We think that we know our history…but we’re usually wrong.

That’s because we see history from a limited perspective; we only have the written word and a few simple pictures to keep us informed. 

Sometimes, a photo will completely change that perspective. These pictures tell incredible stories—even if they’re not the stories we’re used to. 

1. Pyramid of German Helmets (1918)

Taken at the New York Central Railway, this photo shows citizens amassing around an unlikely monument: a pyramid made completely from German helmets. This would be considered a gaudy, potentially inhumane display today—after all, each of those 12,000 helmets represented a person’s life—but by the end of the First World War, Americans were tired of the fighting, and they’d dehumanized their enemies.

The Gothamist reports that the helmets were to be given away to large contributors to the 5th War Loan, although we can’t confirm that the government ever made good on that promise. 

2. The Job Hunter (1930s)

This man’s clever protest sign may seem to resonate today, but in the 1930s, it wasn’t a joke—America was hurting, and many highly skilled people had trouble finding work. Four banking rushes (which occur when too many people attempt to withdraw money at once) made the Depression much worse, and money circulation was so slow that for two years, the United States stopped minting nickels. 

Many people lived in “Hoovervilles,” makeshift communities with homes that often consisted of cardboard boxes. Franklin Roosevelt’s New Deal helped to end the crisis by investing heavily in infrastructure projects like the Golden Gate Bridge and the Empire State Building.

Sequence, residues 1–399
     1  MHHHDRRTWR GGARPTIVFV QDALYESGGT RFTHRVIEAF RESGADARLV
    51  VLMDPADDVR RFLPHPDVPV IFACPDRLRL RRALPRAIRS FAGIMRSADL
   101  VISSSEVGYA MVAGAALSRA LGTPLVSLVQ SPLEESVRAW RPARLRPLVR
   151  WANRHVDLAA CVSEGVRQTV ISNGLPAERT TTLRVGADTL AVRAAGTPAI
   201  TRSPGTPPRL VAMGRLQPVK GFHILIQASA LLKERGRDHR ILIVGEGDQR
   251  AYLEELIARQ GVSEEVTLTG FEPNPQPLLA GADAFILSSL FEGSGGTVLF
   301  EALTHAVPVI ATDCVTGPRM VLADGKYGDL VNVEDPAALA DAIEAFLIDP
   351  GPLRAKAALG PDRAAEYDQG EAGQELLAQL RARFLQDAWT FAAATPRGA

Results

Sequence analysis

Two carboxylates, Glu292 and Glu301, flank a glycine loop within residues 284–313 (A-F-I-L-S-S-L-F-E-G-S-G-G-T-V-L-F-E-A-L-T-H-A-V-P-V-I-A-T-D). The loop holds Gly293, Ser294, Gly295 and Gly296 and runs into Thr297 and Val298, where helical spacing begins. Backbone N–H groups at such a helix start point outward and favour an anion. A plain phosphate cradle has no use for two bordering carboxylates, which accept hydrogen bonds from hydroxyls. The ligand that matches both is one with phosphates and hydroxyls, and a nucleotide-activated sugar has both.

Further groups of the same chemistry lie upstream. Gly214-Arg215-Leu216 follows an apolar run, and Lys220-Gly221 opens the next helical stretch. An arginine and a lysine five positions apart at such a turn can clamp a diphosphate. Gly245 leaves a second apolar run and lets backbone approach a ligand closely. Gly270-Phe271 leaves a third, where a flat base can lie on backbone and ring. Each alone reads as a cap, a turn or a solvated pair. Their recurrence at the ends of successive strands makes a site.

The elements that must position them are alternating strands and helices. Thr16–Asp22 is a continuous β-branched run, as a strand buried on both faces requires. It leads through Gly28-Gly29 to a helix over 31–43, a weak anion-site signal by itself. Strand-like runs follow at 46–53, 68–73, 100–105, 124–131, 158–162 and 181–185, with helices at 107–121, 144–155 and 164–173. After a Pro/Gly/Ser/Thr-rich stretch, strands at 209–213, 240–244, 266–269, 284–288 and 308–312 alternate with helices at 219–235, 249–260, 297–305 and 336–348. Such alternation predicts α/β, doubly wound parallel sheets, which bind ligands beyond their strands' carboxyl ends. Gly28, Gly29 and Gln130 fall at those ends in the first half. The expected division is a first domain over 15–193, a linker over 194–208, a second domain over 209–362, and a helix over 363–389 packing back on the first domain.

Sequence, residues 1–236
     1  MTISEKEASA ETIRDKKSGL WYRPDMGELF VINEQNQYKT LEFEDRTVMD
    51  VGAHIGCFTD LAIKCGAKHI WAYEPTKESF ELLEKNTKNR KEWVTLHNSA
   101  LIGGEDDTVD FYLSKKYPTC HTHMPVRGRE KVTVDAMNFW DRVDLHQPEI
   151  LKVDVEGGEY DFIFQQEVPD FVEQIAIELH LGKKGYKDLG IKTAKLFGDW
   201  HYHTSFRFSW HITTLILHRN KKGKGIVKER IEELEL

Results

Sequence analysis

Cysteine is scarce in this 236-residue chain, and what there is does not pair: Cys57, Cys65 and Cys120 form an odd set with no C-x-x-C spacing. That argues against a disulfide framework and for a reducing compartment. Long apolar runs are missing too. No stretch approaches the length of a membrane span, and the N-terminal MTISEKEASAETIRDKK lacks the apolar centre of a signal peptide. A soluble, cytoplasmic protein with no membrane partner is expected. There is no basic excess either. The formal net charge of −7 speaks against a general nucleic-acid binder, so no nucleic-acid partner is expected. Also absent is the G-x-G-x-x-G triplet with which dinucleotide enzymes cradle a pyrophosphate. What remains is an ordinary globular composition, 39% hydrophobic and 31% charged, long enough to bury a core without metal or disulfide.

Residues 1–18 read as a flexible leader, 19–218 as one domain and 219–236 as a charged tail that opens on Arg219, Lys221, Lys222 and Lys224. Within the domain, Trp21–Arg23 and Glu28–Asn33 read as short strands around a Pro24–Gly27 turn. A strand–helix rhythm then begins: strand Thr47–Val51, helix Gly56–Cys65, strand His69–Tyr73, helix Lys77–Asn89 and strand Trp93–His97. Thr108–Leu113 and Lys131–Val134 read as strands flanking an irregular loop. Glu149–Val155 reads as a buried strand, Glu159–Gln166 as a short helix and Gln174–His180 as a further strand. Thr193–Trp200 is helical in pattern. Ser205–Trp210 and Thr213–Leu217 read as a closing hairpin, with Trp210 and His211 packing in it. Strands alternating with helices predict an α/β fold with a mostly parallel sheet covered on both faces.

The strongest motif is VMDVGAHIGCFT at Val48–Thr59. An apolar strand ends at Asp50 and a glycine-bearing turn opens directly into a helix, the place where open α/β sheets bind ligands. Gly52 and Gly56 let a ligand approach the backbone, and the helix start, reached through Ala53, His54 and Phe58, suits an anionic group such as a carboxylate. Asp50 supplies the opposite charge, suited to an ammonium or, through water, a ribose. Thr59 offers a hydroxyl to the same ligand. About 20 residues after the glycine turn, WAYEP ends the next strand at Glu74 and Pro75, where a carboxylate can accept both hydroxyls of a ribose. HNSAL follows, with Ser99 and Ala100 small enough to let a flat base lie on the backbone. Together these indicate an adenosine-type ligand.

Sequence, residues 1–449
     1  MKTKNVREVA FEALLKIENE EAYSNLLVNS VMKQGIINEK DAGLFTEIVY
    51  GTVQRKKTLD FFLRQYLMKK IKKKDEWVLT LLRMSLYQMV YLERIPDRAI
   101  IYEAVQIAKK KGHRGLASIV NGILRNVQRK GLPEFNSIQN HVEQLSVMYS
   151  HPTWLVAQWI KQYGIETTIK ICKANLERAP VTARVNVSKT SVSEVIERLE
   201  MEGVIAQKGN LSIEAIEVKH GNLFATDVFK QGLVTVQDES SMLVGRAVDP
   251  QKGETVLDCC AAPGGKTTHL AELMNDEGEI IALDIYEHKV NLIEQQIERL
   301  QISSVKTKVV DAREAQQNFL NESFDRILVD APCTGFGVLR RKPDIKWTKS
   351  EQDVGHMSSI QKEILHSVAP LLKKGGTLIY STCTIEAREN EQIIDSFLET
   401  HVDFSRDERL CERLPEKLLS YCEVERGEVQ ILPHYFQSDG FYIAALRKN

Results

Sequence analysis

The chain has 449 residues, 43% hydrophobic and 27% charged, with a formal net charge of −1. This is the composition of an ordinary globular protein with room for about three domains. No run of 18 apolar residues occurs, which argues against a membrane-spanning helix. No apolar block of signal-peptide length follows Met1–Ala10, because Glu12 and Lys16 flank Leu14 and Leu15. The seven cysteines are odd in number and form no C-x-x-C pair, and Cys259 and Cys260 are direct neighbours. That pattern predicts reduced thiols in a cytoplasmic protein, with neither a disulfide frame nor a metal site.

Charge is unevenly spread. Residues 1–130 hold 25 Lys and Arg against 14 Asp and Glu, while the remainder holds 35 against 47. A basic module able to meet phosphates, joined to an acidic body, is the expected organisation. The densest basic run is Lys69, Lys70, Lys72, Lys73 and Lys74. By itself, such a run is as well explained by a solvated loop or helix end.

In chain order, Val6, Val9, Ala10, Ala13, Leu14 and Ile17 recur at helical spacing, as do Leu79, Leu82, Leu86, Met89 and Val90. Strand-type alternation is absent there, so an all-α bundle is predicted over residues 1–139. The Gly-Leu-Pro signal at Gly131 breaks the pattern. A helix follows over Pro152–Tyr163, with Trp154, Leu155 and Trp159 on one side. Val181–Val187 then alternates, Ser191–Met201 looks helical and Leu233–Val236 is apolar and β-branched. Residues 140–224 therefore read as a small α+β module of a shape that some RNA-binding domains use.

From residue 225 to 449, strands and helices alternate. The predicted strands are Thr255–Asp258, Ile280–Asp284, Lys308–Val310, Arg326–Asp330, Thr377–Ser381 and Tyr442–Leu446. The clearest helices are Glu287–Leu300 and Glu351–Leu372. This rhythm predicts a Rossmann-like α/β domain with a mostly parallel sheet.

3. The Soldier and the Kitten (1952)

The soldier is Marine Sergeant Frank Praytor, and the war was the Korean War. This two-week old kitten had been orphaned when a soldier shot its mother for making too much noise.

Praytor fed the cat with meat from his own ration cans, and she survived. He named her “Miss Hap” for the unfortunate circumstances of her birth; she did not return with Sergeant Praytor to the United States, but other soldiers in his company adopted her as a mascot. One of the soldiers is believed to have brought Miss Haps to the United States at the end of the war. 

4. The Head of Stalin (1956)

This photo shows a key moment from the Hungarian Uprising of 1956. Occupied Hungary rose up to resist communism, and in the process, destroyed a 25-meter tall monument to Josef Stalin. 

As for the rest of the statue, it was also destroyed—with the exception of the boots. Rebels placed a Hungarian flag in those boots, a symbol of their resistance. 

5. Mata Hari (sometime from 1905-1917)

Mata Hari was famous as an exotic dancer, and she was also mistress to some of the world’s most powerful men. While working in Paris, she became a spy for Germany,  accused of sending information about the tank—then a new and devastating weapon—back to German sources.

She’s become an archetype of the femme fatale, but modern historians believe that she was more likely a fairly naive woman who met an unfortunate end. She was executed for espionage in 1917.